Bastion: Forcing a return to office risks a Great Resignation

Chris Pash
By Chris Pash | 14 December 2021
Credit: Mantas Hesthaven via Unsplash

Hybrid working, sparked by the restrictions of the pandemic, are still causing friction in Australia between employers and their employees.

However, demanding a full return to the office in 2022 could set off a Great Resignation in Australia, according to research by independent agency Bastion.

The Future of Work (Adapting to the New Normal) report by Bastion Reputation and Bastion Insights draws on results from two surveys conducted in late 2021: a nationally representative sample of 1200 Australians including 600 employees and 500 employers from all states and territories and a wide range of industries.

Two in five employees surveyed want more than anything to have control over where and when they work.

Flexibility is more important for some than incentives such as higher pay.

But employers are still concerned about performance, culture and teamwork. 

“After nearly two years of working in and out of lockdowns, employees feel liberated and empowered by the flexibility they’ve experienced, and many would now rather choose to leave their job than lose their ability to work from home when they want to," says Bastion Reputation CEO Clare Gleghorn.

“Flexible working is being embraced particularly by female and older workers. While this is a positive trend for embracing flexibility, employers will need to be mindful that this doesn't negatively impact on broader workplace culture and inclusion."

Embracing hybrid ways of working is now an essential part of ensuring a successful business.

“While employers are keen for their operations to get back to normal in 2022, they need to avoid a blunt approach and instead use this as an opportunity to engage with their employees in a positive discussion about the future of their workplace,” Gleghorn says.

“It will be important to think before enforcing mandates about returning to the office. Anchor days are really important for creating a sense of connection but workplaces in 2022 shouldn’t just be about the office or home. They should be about really considering what is best for teams, individuals, and businesses to get the best out of each other, and that starts with a conversation.

“Employers should find ways to involve employees in the conversation about what work looks like for individuals, teams and the broader business. Offering genuine and ongoing flexibility may take a leap of faith for some employers but it will go a long way towards helping attract and retain top talent and getting the best performance outcomes for business.”

The Bastion survey shows thatAustralian employers and employees have mostly made the transition to living and working in an ongoing state of uncertainty.

This is a change from last year’s survey, when the disruptive impacts of a public health crisis and the shift to new ways of working were challenging and stressful for employers and employees.

Of employers surveyed in November 2021 about hybrid working arrangements:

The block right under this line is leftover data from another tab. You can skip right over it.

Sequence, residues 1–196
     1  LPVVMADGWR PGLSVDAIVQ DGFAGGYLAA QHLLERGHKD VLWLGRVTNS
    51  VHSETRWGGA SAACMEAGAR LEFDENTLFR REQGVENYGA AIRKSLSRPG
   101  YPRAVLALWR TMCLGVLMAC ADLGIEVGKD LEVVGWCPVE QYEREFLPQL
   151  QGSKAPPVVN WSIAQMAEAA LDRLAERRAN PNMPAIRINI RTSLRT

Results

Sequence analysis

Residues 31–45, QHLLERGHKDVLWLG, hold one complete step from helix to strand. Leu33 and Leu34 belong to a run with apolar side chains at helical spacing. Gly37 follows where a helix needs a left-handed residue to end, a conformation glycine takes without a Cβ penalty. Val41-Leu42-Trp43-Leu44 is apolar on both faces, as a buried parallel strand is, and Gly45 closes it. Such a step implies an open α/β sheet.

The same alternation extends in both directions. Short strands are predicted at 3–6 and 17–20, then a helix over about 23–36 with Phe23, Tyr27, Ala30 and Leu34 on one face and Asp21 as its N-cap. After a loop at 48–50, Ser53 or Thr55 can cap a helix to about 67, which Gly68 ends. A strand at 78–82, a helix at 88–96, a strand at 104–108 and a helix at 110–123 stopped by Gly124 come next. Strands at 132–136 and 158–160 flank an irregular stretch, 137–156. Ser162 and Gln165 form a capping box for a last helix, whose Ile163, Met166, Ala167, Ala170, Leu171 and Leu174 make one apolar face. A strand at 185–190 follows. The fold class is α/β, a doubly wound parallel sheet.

• 21% believe it negatively impacts workplace culture (compared to 35% last year)
  • 26% believe it negatively impacts teamwork and collaboration (compared to 37% last year)
  • 19% see it negatively impacting performance management (compared to 23% last year)

For employees, the honeymoon glow has worn off but there is still a broad sense of satisfaction with more flexible working arrangements.

Dianne Gardiner, CEO of Bastion Insights: “While there is plenty of optimism that the new year may offer more stability than we’ve experienced for the past two years, it will never be a case of life returning to the way it was before the pandemic.

“In 2022 leaders will need to coach their managers, many of whom are still not sure how to manage confidently in remote or hybrid settings.

"And while much will continue to change about the way we work, some basic principles of great leadership won’t - leaders should keep talking to their teams, listen genuinely, offer flexibility where they can and communicate clearly and regularly.”

Many employers are still not sure or confident about how to manage teams in a hybrid model, with more than half saying they have not even thought about how to do it.

“We know that poor performance management is a problem long-term. It can be a real culture-killer to see under-performing colleagues ‘get away with it’. And even high performers will disengage over time, if they are not receiving regular feedback and guidance from their manager,” Gleghorn says.

“This tension between empowerment, productivity and oversight still needs to be resolved if hybrid models are to be effective. There is much work to be done to shift our mindsets and adapt our ways of managing teams, to allow autonomy and trusted working relationships to thrive".

There are still lingering concerns about factors such as connection to colleagues, with about 1 in 4 employers and about 1 in 5 employees believing hybrid working will have a negative impact on connection.

This suggests employers and employees need to find the right approaches to keeping the whole team engaged, valued and connected as businesses move into 2022 and beyond.

One in five (21%) of female employees surveyed and 60% of older employees surveyed are unlikely to want to return to the office – a trend that potentially points to future offices which skew towards male workers and younger workers.

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